At 36.5 ounces, they are a full 7.8 ounces heavier than their predecessor, the Razor HD 12×50. To put that into practical terms, the Razor UHD 12×50 binoculars weigh just over 2 pounds, nearly a half-pound heavier than the previous version. That’s some serious heft.
They’re also 7.6 inches long, meaning they won’t comfortably fit in the vast majority of binocular harnesses on the market. However, Vortex has that issue covered by providing a pretty awesome harness in the accessory package, which is included with the purchase. That’s a big perk, and it’s a huge step up from some of the cheaper binocular harnesses that often come with your glass.
Unreal. I try to temper my excitement about performance, but this is some next-level glass. I hiked into an area where I knew I’d have some long-distance views in the hopes of scouting spring bears.
In my pack, I brought the Razor UHD 12x50s, the Vortex Crossfire HD 12x50s (borrowed), an older-than-dirt unbranded set of 10x42s that have been lying around for ages, and more snacks that any human can consume in one sitting. I picked a perch in the snow and sat with a vista of seemingly endless wilderness in front of me.
Starting with the Razor UHD 12x50s, I glassed across a far-off ridge and down a few drainages. I had perfect lighting that really maximized my viewing potential. After just a few minutes of use, I could tell they were stunningly clear, but I had no idea the extent of that clarity until I picked up the other Vortex binos.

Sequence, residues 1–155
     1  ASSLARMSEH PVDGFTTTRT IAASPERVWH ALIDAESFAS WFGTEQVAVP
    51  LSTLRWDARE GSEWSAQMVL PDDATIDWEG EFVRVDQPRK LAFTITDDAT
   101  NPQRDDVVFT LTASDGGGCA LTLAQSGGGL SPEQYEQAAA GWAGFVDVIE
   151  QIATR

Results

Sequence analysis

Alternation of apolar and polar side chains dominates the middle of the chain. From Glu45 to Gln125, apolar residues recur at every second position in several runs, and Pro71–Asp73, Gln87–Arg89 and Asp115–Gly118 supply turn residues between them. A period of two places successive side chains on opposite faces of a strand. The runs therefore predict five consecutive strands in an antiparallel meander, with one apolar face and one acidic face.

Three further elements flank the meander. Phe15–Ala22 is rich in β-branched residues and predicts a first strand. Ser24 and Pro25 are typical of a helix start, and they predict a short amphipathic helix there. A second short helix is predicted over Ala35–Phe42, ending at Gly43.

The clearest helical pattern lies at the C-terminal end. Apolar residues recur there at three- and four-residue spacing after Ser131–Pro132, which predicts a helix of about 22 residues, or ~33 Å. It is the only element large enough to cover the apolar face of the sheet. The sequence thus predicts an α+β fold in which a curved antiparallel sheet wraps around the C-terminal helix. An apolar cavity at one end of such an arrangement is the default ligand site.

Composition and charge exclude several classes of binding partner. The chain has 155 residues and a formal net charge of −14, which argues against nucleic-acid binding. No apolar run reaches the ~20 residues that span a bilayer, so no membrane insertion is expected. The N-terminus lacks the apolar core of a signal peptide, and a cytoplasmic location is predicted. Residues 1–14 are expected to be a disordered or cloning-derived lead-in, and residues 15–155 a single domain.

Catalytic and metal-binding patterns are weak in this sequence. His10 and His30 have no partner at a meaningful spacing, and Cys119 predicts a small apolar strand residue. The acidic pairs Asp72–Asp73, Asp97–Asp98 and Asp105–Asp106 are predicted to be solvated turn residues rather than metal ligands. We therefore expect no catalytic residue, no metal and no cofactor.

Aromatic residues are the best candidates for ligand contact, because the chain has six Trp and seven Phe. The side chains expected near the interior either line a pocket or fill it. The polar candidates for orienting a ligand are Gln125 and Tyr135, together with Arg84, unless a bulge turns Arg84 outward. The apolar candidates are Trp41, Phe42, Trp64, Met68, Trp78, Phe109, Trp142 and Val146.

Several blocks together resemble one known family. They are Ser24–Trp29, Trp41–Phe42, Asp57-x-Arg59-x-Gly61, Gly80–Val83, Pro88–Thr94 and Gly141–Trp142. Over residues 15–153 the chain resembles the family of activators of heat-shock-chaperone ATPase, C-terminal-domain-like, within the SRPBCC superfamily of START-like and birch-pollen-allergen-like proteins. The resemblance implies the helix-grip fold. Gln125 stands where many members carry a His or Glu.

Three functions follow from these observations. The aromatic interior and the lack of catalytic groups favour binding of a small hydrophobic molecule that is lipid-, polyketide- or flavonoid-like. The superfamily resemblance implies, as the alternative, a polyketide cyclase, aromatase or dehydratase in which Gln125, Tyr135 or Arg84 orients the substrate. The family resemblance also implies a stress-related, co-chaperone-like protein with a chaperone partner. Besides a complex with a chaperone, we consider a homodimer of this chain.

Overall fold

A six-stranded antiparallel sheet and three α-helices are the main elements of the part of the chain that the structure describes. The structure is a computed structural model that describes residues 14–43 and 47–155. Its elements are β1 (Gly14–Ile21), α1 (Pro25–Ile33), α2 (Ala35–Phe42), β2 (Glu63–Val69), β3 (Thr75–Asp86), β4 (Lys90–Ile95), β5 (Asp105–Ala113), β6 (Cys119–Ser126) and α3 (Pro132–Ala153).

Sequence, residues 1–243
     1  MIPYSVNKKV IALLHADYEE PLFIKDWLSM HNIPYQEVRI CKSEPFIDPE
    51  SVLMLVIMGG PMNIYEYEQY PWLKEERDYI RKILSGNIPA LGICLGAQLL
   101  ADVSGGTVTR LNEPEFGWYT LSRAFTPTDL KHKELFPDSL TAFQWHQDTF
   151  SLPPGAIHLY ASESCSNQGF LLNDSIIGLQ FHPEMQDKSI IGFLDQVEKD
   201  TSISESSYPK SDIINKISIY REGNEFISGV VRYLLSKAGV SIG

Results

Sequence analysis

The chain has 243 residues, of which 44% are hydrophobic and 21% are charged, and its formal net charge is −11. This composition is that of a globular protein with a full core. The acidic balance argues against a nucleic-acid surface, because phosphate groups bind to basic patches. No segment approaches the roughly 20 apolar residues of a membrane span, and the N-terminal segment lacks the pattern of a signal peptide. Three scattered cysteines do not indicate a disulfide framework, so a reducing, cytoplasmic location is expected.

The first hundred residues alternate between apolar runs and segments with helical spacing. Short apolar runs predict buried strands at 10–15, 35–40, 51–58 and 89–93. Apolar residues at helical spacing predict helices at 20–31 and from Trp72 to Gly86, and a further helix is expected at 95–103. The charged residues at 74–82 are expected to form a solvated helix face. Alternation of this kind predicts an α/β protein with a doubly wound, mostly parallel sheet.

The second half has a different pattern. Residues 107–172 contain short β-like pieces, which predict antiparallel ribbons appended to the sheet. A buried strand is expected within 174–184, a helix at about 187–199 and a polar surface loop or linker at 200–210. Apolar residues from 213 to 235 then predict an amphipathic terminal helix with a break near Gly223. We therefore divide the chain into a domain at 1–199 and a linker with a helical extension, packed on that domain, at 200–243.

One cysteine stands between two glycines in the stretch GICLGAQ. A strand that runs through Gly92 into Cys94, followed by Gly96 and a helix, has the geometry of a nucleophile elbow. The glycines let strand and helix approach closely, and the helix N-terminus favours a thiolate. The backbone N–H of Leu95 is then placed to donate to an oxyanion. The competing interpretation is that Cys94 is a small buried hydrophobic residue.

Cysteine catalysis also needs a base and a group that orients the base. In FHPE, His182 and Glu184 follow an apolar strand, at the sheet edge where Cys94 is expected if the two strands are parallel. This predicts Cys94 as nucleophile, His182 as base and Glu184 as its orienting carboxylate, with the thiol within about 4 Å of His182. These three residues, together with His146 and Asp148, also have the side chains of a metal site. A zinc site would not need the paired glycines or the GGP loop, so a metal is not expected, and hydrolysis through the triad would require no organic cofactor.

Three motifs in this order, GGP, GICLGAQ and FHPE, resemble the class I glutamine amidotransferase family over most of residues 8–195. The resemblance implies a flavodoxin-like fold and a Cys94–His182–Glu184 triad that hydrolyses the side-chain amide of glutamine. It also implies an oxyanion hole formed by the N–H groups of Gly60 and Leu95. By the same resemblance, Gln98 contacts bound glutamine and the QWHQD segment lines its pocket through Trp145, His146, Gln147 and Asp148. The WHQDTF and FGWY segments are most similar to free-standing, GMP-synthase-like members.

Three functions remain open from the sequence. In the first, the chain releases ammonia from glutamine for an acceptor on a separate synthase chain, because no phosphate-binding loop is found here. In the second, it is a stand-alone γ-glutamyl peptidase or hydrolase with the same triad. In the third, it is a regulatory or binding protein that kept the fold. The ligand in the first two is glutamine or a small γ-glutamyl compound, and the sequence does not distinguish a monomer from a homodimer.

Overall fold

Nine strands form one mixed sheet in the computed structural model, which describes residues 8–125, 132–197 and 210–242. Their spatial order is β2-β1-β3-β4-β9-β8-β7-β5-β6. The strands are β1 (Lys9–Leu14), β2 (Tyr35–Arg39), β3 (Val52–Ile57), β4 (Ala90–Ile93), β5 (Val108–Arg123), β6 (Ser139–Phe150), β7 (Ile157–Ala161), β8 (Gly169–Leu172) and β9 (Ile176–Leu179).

The Crossfire HD 12x50s ($230) are great binoculars. I’ve used them on several occasions and have always been thoroughly impressed. Putting them to my eyes after spending time looking through the Razor UHDs was a mind-blowing experience.
Obviously, we are talking about completely different levels of glass here. In price alone, the UHDs cost over 11 times what the Crossfires do. But there was a night-and-day difference.
The Razor UHD binoculars are bright and crisp in a way that is genuinely hard to describe. I could differentiate between pine needles on the ridge across from me, whereas the Crossfire model offered me the ability to differentiate stems and small branches. The old no-brand pair showed me trees, albeit fuzzy ones.
One notable difference is the clarity all the way to the edge of the glass. There isn’t that hazing, blurring, or darkening at the outermost edge of your viewing spectrum. They’re just insanely clear.